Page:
TORO v. (and a third-party action).

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Alexander TORO, appellant, v. FRIEDLAND PROPERTIES, INC., et al., respondents, et al., defendant (and a third-party action).

Decided: November 27, 2013

WILLIAM F. MASTRO, J.P., MARK C. DILLON, DANIEL D. ANGIOLILLO, and CHERYL E. CHAMBERS, JJ. Michael A. Cervini, Elmhurst, N.Y. (Robin Mary Heaney of counsel), for appellant. Michael E. Pressman, New York, N.Y. (Tod Fichtelberg and Stuart Cholewa of counsel), for respondents.

In an action to recover damages for personal injuries, the plaintiff appeals from an order of the Supreme Court, Queens County (McDonald, J.), dated June 18, 2012, which granted the motion of the defendants Friedland Properties, Inc., Lawrence Friedland, Melvin Friedland, New Town Pizza Broadway, Inc., and New Pizza Town, Inc., for summary judgment dismissing the amended complaint insofar as asserted against them and, in effect, to vacate so much of a prior order of the same court dated February 24, 2011, as granted the plaintiff leave to enter a default judgment against the defendant New Town Pizza Broadway, Inc., and, in effect, denied, as academic, that branch of his cross motion which was to restore the action insofar as asserted against the defendants Friedland Properties, Inc ., Lawrence Friedland, Melvin Friedland, New Town Pizza Broadway, Inc ., and New Pizza Town, Inc., to the trial calendar.

ORDERED that the order dated June 18, 2012, is modified, on the law, (1) by deleting the provision thereof granting that branch of the motion of the defendants Friedland Properties, Inc., Lawrence Friedland, Melvin Friedland, New Town Pizza Broadway, Inc., and New Pizza Town, Inc., which was for summary judgment dismissing the amended complaint insofar as asserted against them and substituting therefor a provision denying that branch of the motion, and (2) by deleting the provision thereof, in effect, denying, as academic, that branch of the plaintiff's cross motion which was to restore the action insofar as asserted against those defendants to the trial calendar; as so modified, the order is affirmed, with costs payable to the plaintiff, and the matter is remitted to the Supreme Court, Queens County, for a new determination of that branch of the plaintiff's cross motion which was to restore the action insofar as asserted against the defendants Friedland Properties, Inc., Lawrence Friedland, Melvin Friedland, New Town Pizza Broadway, Inc., and New Pizza Town, Inc., to the trial calendar.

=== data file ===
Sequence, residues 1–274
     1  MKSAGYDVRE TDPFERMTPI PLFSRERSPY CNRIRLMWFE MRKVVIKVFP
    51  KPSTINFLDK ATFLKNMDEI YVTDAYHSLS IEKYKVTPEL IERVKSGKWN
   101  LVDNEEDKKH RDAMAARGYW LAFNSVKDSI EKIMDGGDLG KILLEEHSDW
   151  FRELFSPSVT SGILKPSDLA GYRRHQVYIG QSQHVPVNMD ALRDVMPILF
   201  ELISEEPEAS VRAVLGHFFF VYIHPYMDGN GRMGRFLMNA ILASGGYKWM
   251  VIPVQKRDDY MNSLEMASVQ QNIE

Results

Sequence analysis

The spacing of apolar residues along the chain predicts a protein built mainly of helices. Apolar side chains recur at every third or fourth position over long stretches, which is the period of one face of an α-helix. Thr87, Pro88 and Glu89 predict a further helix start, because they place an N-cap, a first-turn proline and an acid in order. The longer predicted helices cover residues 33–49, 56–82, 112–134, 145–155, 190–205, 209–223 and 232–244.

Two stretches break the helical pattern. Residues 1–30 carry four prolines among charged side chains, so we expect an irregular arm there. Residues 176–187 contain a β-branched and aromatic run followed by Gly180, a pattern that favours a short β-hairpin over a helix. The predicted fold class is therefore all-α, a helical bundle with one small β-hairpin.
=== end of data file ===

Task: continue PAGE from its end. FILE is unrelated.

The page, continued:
The plaintiff alleged that on April 1, 2009, he was walking on the sidewalk on 78th Street in Manhattan and that when he turned the corner onto Broadway, his left elbow struck a children's Mickey Mouse ride which was placed in front of a pizza shop. His original complaint named Friedland Properties, Inc., Lawrence Friedland, Melvin Friedland (hereinafter collectively the Friedland defendants), New Town Pizza Broadway, Inc. (hereinafter Pizza Broadway), and New Pizza Town, Inc. (hereinafter Pizza Town), as defendants. In an order dated February 24, 2011, the Supreme Court granted an unopposed motion by the plaintiff for leave to enter a default judgment against, among others, Pizza Broadway.